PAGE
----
What is in this article?:
- Fallout over the late-October bankruptcy of MF Global Holdings Ltd. has spawned FBI and Justice Department investigations and left many wondering how, in the wake of supposed Wall Street reforms, government oversight of another financial institution was so lax.
- More importantly for the agriculture sector, the bankruptcy and government response has prompted many questions about the safety of futures trading.
Hearings and questions
What about the Senate Agriculture Committee hearing on Thursday?
“Gensler should be asked why he thought commodity customers would be best protected as a (Security Investors Protection Act)liquidation. To my mind, that makes very little sense.
“The cornerstone of the futures industry is segregated funds. (The Security Investors Protection Act)doesn’t have the same respect for those because they view customer accounts as insured vehicles. In the case of commodities, ‘well, this is high risk and you’re on your own without insurance.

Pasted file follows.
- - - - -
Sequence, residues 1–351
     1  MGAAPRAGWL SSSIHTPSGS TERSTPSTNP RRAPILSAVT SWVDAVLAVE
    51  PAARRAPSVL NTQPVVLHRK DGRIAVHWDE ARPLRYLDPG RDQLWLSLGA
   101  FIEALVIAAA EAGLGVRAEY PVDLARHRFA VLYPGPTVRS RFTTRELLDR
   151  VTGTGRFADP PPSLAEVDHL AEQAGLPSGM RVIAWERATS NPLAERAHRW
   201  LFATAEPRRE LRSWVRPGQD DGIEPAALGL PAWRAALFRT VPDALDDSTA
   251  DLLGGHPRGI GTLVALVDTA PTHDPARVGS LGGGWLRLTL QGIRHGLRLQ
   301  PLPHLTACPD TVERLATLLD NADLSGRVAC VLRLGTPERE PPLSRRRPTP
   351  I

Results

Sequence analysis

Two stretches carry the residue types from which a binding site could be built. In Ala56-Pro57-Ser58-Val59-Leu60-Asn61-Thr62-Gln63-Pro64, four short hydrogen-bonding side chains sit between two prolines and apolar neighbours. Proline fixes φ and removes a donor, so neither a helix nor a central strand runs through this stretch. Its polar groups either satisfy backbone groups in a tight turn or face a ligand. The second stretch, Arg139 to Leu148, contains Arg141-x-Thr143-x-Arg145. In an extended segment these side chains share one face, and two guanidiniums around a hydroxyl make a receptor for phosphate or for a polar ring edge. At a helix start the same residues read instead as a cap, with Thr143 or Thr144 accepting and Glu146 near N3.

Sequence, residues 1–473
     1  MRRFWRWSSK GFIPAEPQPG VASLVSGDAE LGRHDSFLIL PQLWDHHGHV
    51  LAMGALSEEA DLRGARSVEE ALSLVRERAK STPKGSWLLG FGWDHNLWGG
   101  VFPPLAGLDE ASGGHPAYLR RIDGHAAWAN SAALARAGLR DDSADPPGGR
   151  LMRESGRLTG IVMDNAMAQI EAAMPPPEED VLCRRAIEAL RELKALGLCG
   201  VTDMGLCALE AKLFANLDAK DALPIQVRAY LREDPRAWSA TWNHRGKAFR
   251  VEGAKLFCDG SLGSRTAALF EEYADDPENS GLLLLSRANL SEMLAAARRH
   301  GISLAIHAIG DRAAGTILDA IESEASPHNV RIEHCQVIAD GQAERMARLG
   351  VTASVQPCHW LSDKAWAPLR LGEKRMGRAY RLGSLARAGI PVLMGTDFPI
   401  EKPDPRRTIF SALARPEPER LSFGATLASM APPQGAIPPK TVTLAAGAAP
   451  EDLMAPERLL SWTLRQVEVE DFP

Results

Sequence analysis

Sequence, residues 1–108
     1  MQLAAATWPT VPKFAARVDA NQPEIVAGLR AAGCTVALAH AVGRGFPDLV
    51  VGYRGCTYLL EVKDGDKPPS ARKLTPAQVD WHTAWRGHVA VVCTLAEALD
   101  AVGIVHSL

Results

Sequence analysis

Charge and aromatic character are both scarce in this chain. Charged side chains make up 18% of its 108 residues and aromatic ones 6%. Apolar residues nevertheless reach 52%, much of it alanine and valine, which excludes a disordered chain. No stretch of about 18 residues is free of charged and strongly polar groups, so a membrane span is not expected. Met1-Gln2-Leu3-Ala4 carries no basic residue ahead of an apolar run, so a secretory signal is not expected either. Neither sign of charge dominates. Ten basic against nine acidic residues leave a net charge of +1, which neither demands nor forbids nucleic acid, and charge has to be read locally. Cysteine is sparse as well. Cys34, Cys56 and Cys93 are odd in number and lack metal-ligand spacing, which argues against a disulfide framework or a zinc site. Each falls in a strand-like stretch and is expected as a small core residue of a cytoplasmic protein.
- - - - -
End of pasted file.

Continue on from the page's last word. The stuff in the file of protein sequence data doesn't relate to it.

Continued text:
“They must also ask (Gensler): how is this possible when these funds are accounted for on a daily basis to you, the (National Futures Association), and, in this case, the (Chicago Mercantile Exchange)?
Second, ‘at what point were you going to get around to preventing extraordinarily high risk trades from being placed with customer funds?’
“If that’s what happened here – they made perfectly legal trades and took loans from customer funds to back them – how is it acceptable to take a 40-to-one leveraged position with customer funds? How can the CFTC regulate the industry well if it allows such?”
Any push-back against your group?
“We’re on everyone’s radar. That much is clear. There hasn’t been any blowback that we’re aware of. But we anticipate some.
“Inevitably, when you rattle cages someone is bound to rattle yours.”
Any farmer or commodity advocacy groups in your corner on this?
“What’s interesting … is there’s often an advocacy group that’s ill-equipped and underfunded to deal with something like this. We’re trying to get those groups to join with us.
“A group with a $10,000 annual budget can’t do $100,000 worth of litigation. We wouldn’t have been able to do that either without attorneys willing to work pro bono or at incredibly reduced rates.
“So, we’re trying to rouse those groups and get them to join in.”